18. Dallas Cowboys 2011 Record: 8-8
Seven words you never want to hear, Cowboy fans: Tony Romo is out for the season. Heck, you don’t want to hear he is out for a game. Why you ask? Because then you’ll have Kyle Orton under center. Trust me, Cowboy fans, you don’t want Kyle Orton under center, no matter how many times someone rattles off a bunch of stats trying to convince you that you do. 18 might seem a little low for the Cowboys, but aren’t they always in someone’s playoff contender list and seem to fall short of everyone’s expectations? So, let’s cut to the chase and put them in the middle of the pack and see how they do. Of course I’m not suggesting Cowboys owner Jerry Jones and head coach Jason Garrett will read my power rankings, but what I am saying is just let’s once temper the expectations. Dallas pulled the trigger on a trade with the Rams that sent them up to the sixth spot in order to draft CB Morris Claiborne (LSU) and they signed CB Brandon Carr in free agency. The team’s biggest weakness was their secondary last year and they now have two upgrades at the corners. Overall the Cowboys are a solid squad and Tony Romo is coming off one of the best seasons of his career. In 2011 Romo passed for 4,184 yards, 31 touchdowns and 10 interceptions, had a completion percentage of 66.3%, and a 102.5 QB rating. He lost WR Laurent Robinson in free agency, but still has Dez Bryant and Austin Miles to toss the ball to. DeMarco Murray had a decent rookie season with 897 yards and two touchdowns considering he started only seven games (played in 13 total) and missed the last three with an ankle injury. The health of Murray is a key to the Cowboys season, but maybe no one’s health more key than Romo’s.
17. Atlanta Falcons 2011 Record: 10-6
Okay, so here’s the thing about the Falcons: I’m on the fence about them. I really don’t have much to say about them positively or negatively. I think the success of the Dirty Birds is reliant on Matt Ryan, but who doesn’t? His top two targets, Julio Jones and Roddy White, are pretty good. Sure Michael Turner is getting older, but they have Jacquizz Rodgers who could emerge as a sleeper back in the league. Aside from trading a case of Coke Zero and a lawnmower to Philly for Asante Samuel, they didn’t add too much to move them from the middle-of-the-pack in my opinion. I do like their offensive line, and think the protection of Ryan is the numero uno key to their success (duh). But seriously, a case of Coke Zero and a lawnmower? For Asante Samuel? I don’t care how many tackles (34) or interceptions (3) he had last season; Samuel is a four-time Pro Bowl, two-time Super Bowl winner, and can still ball. Now, Atlanta is coming off their second-straight trip to the playoffs and they must feel they are real close to getting back to the Super Bowl or they would have done more in free agency and the draft. I’m a fan of the “if it ain’t broke don’t fix it” theory, so if that’s their mentality I can lean a little more toward the positive side of the Falcon fence.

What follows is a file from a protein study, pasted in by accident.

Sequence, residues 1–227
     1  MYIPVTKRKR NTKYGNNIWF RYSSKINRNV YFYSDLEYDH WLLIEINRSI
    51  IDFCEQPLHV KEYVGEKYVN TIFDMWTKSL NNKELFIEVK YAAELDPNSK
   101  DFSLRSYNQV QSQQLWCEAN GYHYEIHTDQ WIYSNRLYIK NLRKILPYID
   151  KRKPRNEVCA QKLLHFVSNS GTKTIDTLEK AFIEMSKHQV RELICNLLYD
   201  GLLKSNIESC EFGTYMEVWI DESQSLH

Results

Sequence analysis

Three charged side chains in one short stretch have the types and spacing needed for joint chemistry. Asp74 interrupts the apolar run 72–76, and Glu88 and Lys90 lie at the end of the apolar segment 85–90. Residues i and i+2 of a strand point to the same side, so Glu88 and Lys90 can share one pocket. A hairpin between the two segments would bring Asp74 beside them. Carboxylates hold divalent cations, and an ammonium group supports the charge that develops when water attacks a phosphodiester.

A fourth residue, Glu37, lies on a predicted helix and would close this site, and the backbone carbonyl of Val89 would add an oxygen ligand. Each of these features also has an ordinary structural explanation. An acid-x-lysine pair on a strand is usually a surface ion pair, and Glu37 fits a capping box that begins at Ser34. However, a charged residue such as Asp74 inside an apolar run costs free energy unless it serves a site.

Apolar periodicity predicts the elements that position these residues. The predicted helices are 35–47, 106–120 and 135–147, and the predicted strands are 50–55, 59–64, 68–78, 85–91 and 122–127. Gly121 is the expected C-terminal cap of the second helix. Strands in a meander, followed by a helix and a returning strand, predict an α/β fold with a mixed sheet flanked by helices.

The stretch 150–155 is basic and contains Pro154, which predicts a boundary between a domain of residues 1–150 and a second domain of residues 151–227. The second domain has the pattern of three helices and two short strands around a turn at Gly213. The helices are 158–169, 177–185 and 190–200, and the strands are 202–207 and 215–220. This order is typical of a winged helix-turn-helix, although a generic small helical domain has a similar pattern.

16. Tennessee Titans 2011 Record: 9-7
At this point I’ve probably angered and/or confused a lot of people. I’m about to anger even more. I love Jake Locker. I can’t wait for him to start. I think it’ll be this year. I love Jake Locker. The Titans’ run game is solid and deep with Chris Johnson, Javon Ringer, and Jamie Harper. They may have ranked 31st in the NFL with an average of 89.9 yards per game, but CJ2K’s preseason holdout had a huge effect on that. Only once last season did Johnson have over 20 attempts and not hit 100 yards, and that was week two. He still managed to end the 2011 with 1,047 yards rushing and 418 yards receiving. I expect Johnson to get back to his pre-hold out production in 2012. Much like the Bills, the Titans won’t wow you on paper (aside from CJohnson), but collectively they are a solid group. They also have the luxury of playing the Colts and Jaguars twice. Not paying Cortland Finnegan may come back to punch them in the face, since they threw down the pro-bowler’s request for $10 million a year, letting him jump to the Rams in free agency, and didn’t do much to replace him. Yes, all puns were intended.
15. Kansas City Chiefs 2011 Record: 7-9